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According to Emily A. Hay, founder of Hay There Social Media and socialgig.co, “when you get started as an entrepreneur, you need to do all you can to propel yourself forward, to keep taking action towards realizing a goal.  In order to do so, you must tell yourself you are too far to turn back now.  When you reach the point of no return, not going forward isn’t an option. Plain and simple.  It took me a while to grind out to get to that point of no return, so while you are pursuing that point, stay laser focused, keep your nose to the grindstone and know that reaching the point of no return is liberating!  Then it’s not as scary to keep going forward because it would be silly to go back.  Even though I haven’t reached my end goal, getting to that point of no return is one of the most satisfying accomplishments I’ve had to date as an entrepreneur.  Only you can define that point of no return for yourself.”


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And of course, don’t forget to have fun!  Christine Luby, founder of Pinrose, shares “Things go wrong all the time.  When they do, there is a temptation to put even more pressure on yourself, feel bummed out, feel alone.  The truth is, the sun is still going to rise again tomorrow, you (hopefully) have your health, and things are going to be a-ok.  Most mornings I try to write down three things I’m grateful for to help me keep perspective on how lucky I am and remind me of what a fun journey I am on, even when the going gets tough.”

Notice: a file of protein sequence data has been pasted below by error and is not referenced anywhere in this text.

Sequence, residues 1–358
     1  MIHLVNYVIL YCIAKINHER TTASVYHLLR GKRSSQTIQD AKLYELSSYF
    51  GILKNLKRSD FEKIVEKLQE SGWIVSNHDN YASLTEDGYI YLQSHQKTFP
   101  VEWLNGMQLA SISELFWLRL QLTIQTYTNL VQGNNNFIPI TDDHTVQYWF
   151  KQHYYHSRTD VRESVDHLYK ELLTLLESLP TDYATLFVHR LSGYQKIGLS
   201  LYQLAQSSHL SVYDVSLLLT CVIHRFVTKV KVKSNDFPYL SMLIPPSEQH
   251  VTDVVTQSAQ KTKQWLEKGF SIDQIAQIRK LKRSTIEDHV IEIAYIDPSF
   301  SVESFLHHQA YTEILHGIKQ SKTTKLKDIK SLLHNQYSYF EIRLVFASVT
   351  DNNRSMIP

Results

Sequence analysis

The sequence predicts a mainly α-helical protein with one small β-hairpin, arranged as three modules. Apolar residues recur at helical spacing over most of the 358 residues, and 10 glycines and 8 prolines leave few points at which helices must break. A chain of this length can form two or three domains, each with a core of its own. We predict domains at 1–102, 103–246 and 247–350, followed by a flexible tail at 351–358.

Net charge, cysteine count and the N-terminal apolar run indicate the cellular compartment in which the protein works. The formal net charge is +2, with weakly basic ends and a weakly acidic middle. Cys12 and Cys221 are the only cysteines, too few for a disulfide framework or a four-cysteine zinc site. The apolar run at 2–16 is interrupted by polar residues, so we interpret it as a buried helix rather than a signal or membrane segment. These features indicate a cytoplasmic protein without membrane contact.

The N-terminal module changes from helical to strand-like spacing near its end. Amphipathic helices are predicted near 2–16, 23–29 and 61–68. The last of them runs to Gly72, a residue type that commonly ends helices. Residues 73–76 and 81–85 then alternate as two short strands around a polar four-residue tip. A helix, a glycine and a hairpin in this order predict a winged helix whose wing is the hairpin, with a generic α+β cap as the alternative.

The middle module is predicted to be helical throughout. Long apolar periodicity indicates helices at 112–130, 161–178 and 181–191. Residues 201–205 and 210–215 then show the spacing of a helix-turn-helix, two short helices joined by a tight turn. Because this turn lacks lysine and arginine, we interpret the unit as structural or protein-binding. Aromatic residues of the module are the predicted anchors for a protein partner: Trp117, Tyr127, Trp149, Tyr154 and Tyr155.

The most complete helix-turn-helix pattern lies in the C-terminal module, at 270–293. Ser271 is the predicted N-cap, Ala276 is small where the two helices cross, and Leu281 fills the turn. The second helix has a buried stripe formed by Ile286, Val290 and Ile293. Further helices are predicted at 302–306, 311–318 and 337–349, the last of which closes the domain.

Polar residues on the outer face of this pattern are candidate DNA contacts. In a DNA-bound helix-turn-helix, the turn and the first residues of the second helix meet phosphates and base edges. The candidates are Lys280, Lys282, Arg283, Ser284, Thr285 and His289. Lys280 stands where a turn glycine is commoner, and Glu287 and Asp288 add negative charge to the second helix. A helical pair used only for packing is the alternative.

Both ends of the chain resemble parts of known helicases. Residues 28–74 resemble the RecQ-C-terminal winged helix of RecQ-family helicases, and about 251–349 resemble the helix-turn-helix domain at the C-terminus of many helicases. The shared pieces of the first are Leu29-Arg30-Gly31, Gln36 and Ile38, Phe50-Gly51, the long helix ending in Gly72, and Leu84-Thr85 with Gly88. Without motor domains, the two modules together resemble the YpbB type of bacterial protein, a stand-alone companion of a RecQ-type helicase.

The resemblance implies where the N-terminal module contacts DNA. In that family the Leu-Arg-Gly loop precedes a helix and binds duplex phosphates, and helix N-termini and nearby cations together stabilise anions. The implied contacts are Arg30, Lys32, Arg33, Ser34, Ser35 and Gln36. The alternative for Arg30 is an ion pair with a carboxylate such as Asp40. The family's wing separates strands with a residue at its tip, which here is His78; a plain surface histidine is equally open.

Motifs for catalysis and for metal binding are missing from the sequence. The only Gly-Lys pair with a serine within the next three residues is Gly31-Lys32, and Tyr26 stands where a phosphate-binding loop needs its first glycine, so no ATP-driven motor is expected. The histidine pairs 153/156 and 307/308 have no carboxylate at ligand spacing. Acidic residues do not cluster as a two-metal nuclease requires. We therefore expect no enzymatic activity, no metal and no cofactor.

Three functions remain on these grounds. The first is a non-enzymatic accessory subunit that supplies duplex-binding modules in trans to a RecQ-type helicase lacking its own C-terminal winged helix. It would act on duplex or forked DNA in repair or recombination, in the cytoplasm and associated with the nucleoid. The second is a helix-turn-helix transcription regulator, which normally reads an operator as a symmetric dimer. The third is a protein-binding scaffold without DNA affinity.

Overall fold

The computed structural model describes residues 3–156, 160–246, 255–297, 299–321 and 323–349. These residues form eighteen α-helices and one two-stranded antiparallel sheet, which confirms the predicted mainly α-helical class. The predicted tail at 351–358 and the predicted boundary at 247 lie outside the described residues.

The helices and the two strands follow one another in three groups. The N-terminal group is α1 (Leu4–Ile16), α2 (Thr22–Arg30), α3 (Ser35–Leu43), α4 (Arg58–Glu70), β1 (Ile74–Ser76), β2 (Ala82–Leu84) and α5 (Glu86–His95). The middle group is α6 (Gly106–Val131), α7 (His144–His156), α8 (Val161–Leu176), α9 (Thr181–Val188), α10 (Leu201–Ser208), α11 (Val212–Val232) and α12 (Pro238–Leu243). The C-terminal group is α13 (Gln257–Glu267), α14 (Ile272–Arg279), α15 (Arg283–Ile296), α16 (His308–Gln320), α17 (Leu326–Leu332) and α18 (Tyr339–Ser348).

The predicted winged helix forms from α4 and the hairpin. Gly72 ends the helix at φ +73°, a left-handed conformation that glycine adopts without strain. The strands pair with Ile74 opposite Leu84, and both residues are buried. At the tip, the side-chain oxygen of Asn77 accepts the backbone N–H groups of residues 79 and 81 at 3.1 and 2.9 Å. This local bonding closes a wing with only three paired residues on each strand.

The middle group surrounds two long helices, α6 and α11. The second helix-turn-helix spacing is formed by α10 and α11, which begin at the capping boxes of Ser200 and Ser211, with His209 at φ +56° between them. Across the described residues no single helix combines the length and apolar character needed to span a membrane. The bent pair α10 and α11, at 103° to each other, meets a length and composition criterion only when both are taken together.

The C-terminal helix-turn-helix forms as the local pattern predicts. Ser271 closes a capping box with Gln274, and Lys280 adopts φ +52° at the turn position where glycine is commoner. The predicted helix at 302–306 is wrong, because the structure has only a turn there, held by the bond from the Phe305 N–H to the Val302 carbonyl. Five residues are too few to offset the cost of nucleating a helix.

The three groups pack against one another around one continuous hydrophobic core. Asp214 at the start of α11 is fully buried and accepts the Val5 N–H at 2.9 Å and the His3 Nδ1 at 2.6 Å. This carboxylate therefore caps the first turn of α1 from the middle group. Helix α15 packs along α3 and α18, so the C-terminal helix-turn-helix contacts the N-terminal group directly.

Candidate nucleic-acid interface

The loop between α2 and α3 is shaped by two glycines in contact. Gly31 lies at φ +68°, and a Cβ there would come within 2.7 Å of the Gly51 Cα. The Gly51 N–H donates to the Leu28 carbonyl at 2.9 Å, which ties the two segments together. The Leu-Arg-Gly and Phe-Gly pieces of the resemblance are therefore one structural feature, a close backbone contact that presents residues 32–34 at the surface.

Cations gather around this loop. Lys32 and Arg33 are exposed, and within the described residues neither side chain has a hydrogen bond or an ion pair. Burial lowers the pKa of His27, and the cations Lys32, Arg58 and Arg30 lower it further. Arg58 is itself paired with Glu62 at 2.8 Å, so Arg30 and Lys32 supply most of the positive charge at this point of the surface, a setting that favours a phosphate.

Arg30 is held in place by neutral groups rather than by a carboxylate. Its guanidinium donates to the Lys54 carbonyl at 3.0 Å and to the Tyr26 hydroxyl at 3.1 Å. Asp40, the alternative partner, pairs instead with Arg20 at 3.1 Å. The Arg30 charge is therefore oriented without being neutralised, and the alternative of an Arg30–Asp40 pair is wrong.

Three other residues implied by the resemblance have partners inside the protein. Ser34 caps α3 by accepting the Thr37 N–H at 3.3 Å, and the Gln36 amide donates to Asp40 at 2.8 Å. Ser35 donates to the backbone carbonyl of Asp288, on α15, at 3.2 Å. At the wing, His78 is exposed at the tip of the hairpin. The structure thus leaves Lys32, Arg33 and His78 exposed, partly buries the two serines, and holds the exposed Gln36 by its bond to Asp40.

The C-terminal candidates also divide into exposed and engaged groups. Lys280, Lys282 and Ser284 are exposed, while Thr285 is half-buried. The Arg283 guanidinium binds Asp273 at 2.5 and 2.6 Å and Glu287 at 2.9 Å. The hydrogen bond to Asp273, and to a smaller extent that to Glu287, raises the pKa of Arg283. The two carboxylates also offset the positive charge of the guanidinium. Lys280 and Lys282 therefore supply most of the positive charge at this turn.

Like these ladies, as you pursue your entrepreneurial venture take note of what you’re learning, as the lessons you learn not only will help you weather the storm of your startup, but can also help other entrepreneurs just like you!